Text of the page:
UNBOXED: Reviewing Leander Kahney's ‘Tim Cook’ Book
This is a bit of a different review from what I’m used to doing. Typically, we’re looking at headphones, keyboards, and product that we can put to use in our daily lives and offer up honest takes on how those products performed. Taking that approach with a book—the first book I’ve read with the intent of writing up a review—was interesting, to say the least. But here we are. And I’m more than thankful to Leander Kahney and his team at Portfolio/Penguin for giving me the opportunity to read his new work, Tim Cook: The Genius Who Took Apple to the Next Level, ahead of its public debut April 16.
The best place to start, I’d say, is by getting to know a little about the author of the book. Kahney, the man behind other Apple-related works like Inside Steven’s Brain, and Jony Ive, is a very well versed analyst of the company he’s spent the better part of his career covering. Over the past dozen or so years he worked as the news editor for Wired.com and is currently the editor of CultofMac.com. He’s well respected both in the industry and, more specifically, at Apple—as evidenced by the company’s willingness to make some key c-suite executives available to him on multiple occasions now.
Throughout the 230-plus pages of the book, Kahney eloquently documents Cook’s upbringing as a son of the South during an interesting time period of racial and cultural divide and the impact that had on his outlook on life and business. Peppered with interviews and insights from former and current colleagues and acquaintances, Kahney paints an intricate picture of what drove Cook to excel in his early years at IBM and Compaq, which ultimately made him stand out to a guy like Steve Jobs.
What gets overlooked in Cook’s story is the fact that he was the handpicked successor to Jobs, by Jobs himself. After the Apple founder passed away in 2011, many expected the company to name one of a few internal candidates as the next leader, with some even positing that Apple would bring in someone from the outside. Rather, as Kahney details, it was always going to be Cook’s gig. From the beginning, Jobs treated Cook differently from other executives at the company, moving him from team to team, giving him a wide-ranging list of responsibilities. He essentially was grooming him to one day become his replacement—just perhaps not as soon as anyone, especially Cook, would have expected.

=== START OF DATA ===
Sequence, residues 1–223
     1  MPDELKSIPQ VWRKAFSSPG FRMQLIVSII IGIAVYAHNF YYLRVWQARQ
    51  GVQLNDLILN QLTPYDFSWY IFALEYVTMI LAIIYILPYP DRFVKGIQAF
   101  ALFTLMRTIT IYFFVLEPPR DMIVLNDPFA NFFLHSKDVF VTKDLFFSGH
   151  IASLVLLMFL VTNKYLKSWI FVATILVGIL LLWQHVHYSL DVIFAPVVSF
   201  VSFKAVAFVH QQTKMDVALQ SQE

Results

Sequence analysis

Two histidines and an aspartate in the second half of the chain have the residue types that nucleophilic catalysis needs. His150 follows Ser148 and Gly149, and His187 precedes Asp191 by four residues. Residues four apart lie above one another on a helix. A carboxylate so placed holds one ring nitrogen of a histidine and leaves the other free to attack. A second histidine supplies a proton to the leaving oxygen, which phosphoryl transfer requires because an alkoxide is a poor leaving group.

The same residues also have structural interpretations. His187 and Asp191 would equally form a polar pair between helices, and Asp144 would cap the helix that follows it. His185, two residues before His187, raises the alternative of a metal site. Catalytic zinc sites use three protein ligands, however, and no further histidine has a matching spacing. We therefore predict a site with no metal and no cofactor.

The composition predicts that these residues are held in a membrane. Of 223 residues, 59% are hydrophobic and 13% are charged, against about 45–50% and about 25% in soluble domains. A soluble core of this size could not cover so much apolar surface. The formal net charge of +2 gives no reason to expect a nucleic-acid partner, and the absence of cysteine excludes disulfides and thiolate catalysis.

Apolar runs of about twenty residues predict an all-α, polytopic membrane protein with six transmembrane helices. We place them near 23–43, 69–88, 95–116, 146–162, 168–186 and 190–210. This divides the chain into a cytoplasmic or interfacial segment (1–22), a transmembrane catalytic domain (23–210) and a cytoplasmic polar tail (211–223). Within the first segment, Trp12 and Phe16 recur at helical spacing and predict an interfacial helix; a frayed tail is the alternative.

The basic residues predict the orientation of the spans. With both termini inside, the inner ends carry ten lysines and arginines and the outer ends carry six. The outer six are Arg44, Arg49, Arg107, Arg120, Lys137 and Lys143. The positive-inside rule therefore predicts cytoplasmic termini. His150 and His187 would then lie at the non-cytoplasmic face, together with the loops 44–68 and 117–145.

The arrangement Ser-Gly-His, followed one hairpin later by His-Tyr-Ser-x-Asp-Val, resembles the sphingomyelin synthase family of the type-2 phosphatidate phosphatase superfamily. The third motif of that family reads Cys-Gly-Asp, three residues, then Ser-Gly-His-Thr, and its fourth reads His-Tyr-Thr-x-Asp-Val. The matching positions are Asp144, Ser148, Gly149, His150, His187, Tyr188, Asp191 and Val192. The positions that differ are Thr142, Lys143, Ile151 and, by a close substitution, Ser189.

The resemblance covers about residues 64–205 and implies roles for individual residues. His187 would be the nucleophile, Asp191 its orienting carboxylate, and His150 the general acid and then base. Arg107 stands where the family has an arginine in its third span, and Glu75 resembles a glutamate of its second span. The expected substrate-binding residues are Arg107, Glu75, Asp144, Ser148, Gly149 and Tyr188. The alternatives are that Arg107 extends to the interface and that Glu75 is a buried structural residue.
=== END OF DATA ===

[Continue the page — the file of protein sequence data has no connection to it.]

And though he might have been the least likely executive to those who covered the company, Cook ended up being the perfect CEO at the perfect time for Apple. The company today is producing annual revenue figures that are three-times what they were while Jobs was alive—a fact Cook still doesn’t get enough credit for. Cook, as Kahney uncovers through executive interviews, has quietly and strategically changed the corporate culture at Apple while also helping it achieve incredible new heights. He’s managed to humanize Apple. And he’s done so through a specific set of six core values that are at the heart of everything the company does: Accessibility, Education, Environment, Inclusion and Diversity, Privacy, and Supplier Responsibility.
Under Jobs, Apple might’ve only paid lip service to any number of those initiatives. But, with Cook at the helm, Apple has used its position of influence to make a real and legitimate impact in every single one of those areas. Some might argue that Apple isn’t doing enough or acting with enough urgency in certain areas. But the fact that they’re acting at all is a direct result of Cook’s leadership style. There may be no better example of that than Cook’s 2014 op-ed in Bloomberg where he announced himself as the first publicly out Fortune 500 CEO.
“While I have never denied my sexuality, I haven’t publicly acknowledged it either, until now,” he wrote. “So let me be clear: I’m proud to be gay, and I consider being gay among the greatest gifts God has given me.”
So, despite the fact that many still question whether or not Cook can continue to be as innovative as a man like Steve Jobs, what Kahney ultimately portrays throughout the Tim Cook book is that he doesn’t necessarily have to be—from a product standpoint at least. Cook, like Jobs, has so much talent around him who will continue to push the company forward in new and exciting directions. Where Cook stands out is in his ability to connect with both his team and the public. He’s innovating Apple from a cultural perspective, which, by my account, is just as important as the products themselves.
Whether you’re a fan of Apple’s products or not, Kahney’s latest work is a very engaging, quick read that pulls back the covers on one of the most interesting and influential companies of all time and their leader who’s taken them to impressive new heights.